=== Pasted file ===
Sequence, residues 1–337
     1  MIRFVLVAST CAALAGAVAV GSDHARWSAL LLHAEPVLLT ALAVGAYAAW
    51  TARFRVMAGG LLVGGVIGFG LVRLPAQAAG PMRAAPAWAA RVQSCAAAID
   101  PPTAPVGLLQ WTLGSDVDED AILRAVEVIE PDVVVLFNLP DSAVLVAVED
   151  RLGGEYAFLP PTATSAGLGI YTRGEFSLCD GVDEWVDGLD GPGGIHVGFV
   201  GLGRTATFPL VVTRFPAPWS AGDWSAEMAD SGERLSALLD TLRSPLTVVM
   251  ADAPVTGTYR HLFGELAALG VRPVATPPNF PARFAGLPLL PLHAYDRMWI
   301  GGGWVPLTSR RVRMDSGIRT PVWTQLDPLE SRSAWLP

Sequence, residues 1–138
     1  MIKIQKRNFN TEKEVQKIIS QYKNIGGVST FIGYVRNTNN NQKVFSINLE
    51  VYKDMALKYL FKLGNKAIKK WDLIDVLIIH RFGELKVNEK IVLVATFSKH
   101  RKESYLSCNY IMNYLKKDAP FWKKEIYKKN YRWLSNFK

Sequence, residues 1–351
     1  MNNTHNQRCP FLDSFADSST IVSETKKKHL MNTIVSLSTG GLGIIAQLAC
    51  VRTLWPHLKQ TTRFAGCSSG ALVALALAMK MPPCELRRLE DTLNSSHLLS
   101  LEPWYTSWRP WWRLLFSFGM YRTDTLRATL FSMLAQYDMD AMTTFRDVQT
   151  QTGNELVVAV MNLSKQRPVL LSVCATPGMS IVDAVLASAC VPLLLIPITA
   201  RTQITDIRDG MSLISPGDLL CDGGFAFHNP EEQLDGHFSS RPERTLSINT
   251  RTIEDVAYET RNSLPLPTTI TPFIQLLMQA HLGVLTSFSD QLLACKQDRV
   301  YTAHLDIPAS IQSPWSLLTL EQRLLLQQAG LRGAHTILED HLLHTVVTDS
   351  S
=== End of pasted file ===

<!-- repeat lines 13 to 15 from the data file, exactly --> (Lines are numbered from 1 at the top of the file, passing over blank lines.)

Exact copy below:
Sequence, residues 1–351
     1  MNNTHNQRCP FLDSFADSST IVSETKKKHL MNTIVSLSTG GLGIIAQLAC
    51  VRTLWPHLKQ TTRFAGCSSG ALVALALAMK MPPCELRRLE DTLNSSHLLS